The Cult of Personality

When we like someone, or the work they have done. We want to elevate them. That happens often times with creative people. We raise them up and up and up, until they are elevated to the levels of "genius" and "god." They can do no wrong at this level of elevation. The problem is, these are still people...humans that are capable of mistakes and stupidity and carelessness, just like the rest of us. These elevated creators speak, and the cracks in their divinity start while their humanity shows.

Then you have two choices: you stick by your elevation and defend the person, ignoring what you have to in order to keep them up on that pedestal that they've been elevated up onto, or you look at the facts and come to terms with the fact that the perfection that you've created in your mind isn't realistic. There is only one infallible creator, and not everyone accepts the existence of him (or her depending on the flavor of your faith). No one in any medium, whether comic books, movies, music, high or low art, literature or any other artistic endeavor, produces a perfect body of work. For every Watchmen there is a Neonomicon.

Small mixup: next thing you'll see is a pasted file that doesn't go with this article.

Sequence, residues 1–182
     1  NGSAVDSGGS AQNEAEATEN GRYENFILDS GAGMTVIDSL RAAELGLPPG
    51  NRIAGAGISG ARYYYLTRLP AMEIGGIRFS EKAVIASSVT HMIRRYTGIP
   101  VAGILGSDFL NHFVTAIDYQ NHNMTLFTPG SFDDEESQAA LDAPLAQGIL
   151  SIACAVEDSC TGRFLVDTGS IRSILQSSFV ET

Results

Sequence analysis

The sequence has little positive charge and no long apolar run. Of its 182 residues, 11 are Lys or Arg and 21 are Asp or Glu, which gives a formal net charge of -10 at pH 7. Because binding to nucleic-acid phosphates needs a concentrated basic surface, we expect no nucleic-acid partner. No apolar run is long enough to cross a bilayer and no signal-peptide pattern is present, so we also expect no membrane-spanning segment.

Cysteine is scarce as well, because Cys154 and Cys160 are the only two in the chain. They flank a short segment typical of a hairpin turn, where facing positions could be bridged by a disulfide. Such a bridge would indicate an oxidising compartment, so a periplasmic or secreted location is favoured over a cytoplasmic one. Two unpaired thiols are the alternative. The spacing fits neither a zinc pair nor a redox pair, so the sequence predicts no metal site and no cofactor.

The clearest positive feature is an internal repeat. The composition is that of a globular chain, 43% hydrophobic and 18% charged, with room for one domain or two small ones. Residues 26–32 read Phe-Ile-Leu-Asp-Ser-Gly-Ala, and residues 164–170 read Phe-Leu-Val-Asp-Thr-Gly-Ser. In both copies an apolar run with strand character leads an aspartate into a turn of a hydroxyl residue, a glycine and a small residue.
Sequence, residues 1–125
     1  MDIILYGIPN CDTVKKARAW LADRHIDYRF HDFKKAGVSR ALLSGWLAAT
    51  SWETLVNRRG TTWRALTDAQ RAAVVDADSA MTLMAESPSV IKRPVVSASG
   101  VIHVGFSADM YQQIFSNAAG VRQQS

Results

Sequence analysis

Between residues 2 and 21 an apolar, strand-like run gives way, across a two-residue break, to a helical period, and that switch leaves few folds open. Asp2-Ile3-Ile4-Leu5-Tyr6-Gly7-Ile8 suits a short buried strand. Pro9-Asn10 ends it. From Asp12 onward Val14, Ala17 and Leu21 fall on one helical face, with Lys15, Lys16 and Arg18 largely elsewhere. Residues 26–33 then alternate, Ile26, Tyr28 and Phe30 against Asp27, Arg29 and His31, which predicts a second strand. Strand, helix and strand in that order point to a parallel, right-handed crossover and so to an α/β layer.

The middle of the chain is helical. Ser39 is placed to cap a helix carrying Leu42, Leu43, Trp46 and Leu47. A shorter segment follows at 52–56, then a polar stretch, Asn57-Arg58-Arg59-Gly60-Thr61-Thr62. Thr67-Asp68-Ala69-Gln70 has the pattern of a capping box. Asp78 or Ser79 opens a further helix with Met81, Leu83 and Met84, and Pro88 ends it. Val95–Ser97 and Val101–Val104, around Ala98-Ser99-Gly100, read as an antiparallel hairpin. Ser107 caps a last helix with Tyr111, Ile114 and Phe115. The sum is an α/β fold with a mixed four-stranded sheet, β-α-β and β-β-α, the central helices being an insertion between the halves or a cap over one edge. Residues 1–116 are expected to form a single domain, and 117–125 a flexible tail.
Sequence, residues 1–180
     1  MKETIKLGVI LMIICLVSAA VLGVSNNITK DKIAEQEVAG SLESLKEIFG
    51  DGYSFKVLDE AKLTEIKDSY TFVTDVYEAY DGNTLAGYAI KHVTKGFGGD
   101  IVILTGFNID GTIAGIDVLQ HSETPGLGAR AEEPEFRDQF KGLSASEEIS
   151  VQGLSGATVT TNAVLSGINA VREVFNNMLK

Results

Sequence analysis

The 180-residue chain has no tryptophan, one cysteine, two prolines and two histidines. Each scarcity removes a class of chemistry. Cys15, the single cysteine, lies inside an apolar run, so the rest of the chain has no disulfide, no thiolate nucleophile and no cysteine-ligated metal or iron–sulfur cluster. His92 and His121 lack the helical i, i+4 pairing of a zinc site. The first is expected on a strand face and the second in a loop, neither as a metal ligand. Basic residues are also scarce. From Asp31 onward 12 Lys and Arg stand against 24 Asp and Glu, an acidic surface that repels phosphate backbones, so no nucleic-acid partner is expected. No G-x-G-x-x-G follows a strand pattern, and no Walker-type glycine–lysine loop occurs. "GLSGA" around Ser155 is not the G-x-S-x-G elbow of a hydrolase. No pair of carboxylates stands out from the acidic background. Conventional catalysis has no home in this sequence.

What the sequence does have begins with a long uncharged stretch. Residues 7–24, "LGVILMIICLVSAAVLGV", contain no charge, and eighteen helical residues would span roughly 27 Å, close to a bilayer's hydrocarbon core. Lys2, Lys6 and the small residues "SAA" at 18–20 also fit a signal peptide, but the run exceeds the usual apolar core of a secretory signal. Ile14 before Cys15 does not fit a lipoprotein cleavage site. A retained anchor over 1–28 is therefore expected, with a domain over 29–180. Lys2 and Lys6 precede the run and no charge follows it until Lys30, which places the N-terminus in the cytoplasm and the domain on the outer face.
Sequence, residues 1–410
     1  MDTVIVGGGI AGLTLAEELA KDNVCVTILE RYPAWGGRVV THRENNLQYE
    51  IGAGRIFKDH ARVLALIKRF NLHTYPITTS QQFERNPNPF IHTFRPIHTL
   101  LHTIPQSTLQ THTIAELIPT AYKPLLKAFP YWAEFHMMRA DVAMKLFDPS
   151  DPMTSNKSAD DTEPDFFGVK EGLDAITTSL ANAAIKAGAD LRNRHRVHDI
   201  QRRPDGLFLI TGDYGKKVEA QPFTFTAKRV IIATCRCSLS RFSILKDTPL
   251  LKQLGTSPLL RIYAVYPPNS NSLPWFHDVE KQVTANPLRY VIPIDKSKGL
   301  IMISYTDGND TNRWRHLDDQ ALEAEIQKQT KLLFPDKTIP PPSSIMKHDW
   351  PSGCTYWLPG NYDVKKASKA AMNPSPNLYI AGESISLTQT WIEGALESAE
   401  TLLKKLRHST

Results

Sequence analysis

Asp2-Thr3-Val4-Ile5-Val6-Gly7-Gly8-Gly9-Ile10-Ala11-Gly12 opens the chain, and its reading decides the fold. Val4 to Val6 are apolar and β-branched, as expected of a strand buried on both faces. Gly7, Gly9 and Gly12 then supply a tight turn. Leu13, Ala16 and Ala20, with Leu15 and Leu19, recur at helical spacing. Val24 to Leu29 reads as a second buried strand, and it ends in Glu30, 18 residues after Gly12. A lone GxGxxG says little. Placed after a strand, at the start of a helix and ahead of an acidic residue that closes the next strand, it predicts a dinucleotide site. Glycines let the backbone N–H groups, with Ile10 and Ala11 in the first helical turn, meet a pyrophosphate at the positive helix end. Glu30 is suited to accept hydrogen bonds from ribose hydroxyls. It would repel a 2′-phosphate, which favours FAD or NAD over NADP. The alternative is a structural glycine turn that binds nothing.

A fallacy of this line of thinking, which honestly might be derived from one of the Geek Social Fallacies, is the idea that if you do not totally except every bit of work of one of these "geniuses" as being genius, you are not a fan. Apparently, being a fan is like betting on Texas Hold-Em're either all in or you aren't in the game. This is, frankly, the tip of the iceberg of a potentially dangerous personality issues. Some people derive too much of their identity and/or self-worth from their fandom that they construe any "attack" against what they are a fan of as being a personal attack. You see this online a lot, and I have even dealt with it offline when someone attached to one of the popular online gaming forums left a gaming group we were both a part of, because I "hated on the board" because I felt (and still feel) that their reviews were poorly written and mostly missed the point of reviews.